‘Nobody Has Done This With Me’: Kell Brook’s well-beaten play by Terence Crawford


Terence Crawford started off slow and stopped Kel Brook in the fourth round Saturday night with punches to retain his welterweight title.

Crawford remained unstoppable and retained his place on the pound-for-pound best list with an impressive halt from the British fighter, who battled well for three rounds, bowing to Crawford’s power.

Crawford swung the fight with a big right hand that sent Brooke to the ropes and prompted referee Tony Weeks to give him an eight-count. When the fight resumed, he beheaded a half-dozen punches, before the Vicks fought close at 1:14 of the fourth round.

“Kel is a tremendous talent, I can’t take anything away from him,” said Crawford. “But he lost to a better man tonight.”

Brooke said he felt he was controlling the fight when he collided with the punch that sent him across the ring. Brooke said, “Never in my career has anyone done this.

Crawford, who made his 28th knockout run to a 37–0 record, took his time early to locate Brooks, who used his jab and pace to win in the opening round. After switching to Southpaw from a conservative stance, he began to descend at an improved pace before the right hook at the start of the fourth round, which sent Brooke (39–3) across the ring.

The British challenger was held upright by the ropes, but when the fight resumed, he was unable to defend himself as Crawford tried to punch Punks before stopping Vicks. In figures for Fight, Crawford showed 36 of 111 punches to 109 in 26 for Brooke. It was the eighth straight title for Crawford.

Crawford said after the fight that he wanted to fight Manny Pacquiao next, a fight that was in conversation before Crawford turned to Brooke instead. “I’m looking to secure a Pacquiao fight,” said the Nebraska fighter. Promoter Bob Arum said that he has negotiated to match Crackford with Pachakuio, with a possible fight in the Middle East sometime in the spring.

Sign up to our editors’ pinch weekly email The Recap.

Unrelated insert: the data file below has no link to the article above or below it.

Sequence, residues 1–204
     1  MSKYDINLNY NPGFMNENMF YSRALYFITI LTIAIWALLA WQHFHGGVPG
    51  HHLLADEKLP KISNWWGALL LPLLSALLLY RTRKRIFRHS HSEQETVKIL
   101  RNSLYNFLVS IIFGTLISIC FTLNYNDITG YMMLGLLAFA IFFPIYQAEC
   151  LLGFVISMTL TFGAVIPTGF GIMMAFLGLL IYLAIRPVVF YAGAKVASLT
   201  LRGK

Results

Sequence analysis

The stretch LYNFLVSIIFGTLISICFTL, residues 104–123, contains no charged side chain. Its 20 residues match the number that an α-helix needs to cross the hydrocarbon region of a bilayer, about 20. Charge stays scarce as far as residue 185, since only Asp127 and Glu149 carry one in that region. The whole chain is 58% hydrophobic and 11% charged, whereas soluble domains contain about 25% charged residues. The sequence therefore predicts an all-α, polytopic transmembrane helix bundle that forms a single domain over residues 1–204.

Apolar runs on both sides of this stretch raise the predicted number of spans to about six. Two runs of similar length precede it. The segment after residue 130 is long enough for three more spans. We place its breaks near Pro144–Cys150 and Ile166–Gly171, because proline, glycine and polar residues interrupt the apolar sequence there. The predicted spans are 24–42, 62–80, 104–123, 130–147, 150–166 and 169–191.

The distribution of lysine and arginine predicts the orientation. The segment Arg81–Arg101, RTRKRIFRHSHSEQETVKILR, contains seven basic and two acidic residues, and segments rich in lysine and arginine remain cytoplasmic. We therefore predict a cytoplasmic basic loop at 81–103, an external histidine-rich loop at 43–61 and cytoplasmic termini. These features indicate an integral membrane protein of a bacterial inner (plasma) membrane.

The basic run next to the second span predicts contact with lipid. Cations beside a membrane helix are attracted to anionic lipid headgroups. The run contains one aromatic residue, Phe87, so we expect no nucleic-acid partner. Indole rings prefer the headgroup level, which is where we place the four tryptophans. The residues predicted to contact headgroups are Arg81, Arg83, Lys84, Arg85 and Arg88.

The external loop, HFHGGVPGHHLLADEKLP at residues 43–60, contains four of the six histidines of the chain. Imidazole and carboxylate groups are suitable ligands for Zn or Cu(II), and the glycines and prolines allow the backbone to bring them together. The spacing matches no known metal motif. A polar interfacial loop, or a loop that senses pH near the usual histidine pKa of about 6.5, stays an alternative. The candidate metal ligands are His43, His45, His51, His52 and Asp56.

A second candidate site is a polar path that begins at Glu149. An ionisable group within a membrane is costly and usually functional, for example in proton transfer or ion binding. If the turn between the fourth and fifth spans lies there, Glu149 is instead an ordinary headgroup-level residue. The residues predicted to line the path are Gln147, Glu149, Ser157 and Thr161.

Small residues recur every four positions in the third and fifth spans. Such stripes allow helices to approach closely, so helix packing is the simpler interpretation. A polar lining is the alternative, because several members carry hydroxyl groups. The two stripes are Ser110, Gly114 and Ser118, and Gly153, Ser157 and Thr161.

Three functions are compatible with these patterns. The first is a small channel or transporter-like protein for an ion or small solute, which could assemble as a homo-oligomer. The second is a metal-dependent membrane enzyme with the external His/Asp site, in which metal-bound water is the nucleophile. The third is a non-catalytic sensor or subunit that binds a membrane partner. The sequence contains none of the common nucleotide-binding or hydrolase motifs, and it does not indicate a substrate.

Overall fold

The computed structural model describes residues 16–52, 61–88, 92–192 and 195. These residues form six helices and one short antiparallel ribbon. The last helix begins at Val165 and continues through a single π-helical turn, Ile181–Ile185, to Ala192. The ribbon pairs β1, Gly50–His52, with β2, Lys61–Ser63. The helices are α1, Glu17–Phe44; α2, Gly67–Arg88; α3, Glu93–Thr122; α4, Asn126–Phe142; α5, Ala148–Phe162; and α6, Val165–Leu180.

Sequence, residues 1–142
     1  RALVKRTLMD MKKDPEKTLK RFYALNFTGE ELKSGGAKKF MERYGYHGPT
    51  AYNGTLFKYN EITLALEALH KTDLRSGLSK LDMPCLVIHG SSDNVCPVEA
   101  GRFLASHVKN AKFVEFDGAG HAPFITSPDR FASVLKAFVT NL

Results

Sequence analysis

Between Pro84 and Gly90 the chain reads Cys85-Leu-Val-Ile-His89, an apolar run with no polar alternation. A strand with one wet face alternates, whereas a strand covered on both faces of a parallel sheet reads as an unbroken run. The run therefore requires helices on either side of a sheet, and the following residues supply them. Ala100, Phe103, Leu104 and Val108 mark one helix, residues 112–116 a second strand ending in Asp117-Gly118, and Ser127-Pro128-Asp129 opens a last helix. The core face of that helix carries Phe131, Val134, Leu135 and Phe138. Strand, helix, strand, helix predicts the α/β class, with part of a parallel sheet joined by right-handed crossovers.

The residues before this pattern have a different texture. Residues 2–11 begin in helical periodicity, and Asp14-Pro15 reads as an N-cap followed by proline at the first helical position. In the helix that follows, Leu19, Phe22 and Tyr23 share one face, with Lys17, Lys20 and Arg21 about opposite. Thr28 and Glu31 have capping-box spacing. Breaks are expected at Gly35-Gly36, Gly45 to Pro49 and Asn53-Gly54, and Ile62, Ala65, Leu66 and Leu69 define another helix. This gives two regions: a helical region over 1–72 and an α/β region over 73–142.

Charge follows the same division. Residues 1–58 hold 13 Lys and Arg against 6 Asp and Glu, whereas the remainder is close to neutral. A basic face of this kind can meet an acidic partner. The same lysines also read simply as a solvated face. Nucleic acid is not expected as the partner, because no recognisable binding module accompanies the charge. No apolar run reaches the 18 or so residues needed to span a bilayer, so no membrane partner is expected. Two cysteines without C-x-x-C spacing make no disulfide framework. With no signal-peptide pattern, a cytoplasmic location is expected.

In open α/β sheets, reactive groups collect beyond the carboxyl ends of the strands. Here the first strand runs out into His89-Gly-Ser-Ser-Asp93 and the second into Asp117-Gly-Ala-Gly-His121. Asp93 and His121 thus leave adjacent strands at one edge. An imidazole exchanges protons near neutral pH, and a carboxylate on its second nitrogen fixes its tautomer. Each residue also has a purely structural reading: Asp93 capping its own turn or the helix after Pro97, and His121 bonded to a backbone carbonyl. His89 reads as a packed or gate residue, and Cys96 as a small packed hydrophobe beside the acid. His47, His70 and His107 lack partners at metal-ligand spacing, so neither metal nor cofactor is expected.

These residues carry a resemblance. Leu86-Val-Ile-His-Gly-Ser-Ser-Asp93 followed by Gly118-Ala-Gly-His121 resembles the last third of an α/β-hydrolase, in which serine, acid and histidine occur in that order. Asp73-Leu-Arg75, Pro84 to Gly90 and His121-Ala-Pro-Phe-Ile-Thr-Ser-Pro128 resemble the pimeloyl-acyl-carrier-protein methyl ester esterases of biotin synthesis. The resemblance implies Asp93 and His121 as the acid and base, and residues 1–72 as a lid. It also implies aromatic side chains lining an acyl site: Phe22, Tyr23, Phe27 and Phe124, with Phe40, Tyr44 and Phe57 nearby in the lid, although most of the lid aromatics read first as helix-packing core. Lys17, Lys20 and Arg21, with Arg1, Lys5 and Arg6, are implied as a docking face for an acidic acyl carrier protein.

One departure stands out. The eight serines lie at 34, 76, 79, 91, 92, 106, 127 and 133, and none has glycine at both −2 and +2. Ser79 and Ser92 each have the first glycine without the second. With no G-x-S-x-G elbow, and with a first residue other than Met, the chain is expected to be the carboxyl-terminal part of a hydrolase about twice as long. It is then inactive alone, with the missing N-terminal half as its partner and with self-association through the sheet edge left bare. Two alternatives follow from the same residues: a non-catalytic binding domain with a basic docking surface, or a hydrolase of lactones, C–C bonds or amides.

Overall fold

The fight had a strange ending in a title match Joshua Franco And Andrew Moloney, A rematch of their first fight in June.

Franco’s eyes were ruled by an accidental head butt in the first round of the 12-round bout. After ringside the Doctor did not consider Franco’s rule at the end of the second round because his eye was closed, the fight was called No Contest, which means that Franco retains the belt.







Katie Taylor retained her WBA, IBF, WBC, WBO and Ring magazine titles with ease. Photo: Richard Sellers / PA

in London, Katie Taylor Brutal to a unanimous decision victory over Spain Mary Gutiérrez To remain the undisputed women’s world light champion.

The 34-year-old Irishwoman carded and performed brilliantly at the Wembley Arena in the last of three Women’s World Title matches, deserving top billing.

Gutierrez, who first fought outside of her native Spain, came into the contest with a 13–0 record, but was outplayed by the influential Taylor, with judges unilaterally competing 100–89, 100–90 and 99 in her favor. As a -91 he easily retained his WBA, IBF, WBC, WBO and Ring magazine titles.

“Yes, very, very satisfied,” Taylor told Sky Sports. “I thought it was a great performance and it was very tough. I tried my best to get him out of there a few times. He’s very durable, but I couldn’t get him out. I loved getting stoppages today but this great performance. I was very happy today.

“There is no shortage of big fights out there. It’s all about the legacy and making history in the game and inspiring the next generation but yes, people still haven’t seen the best of me. “

.

Leave a Reply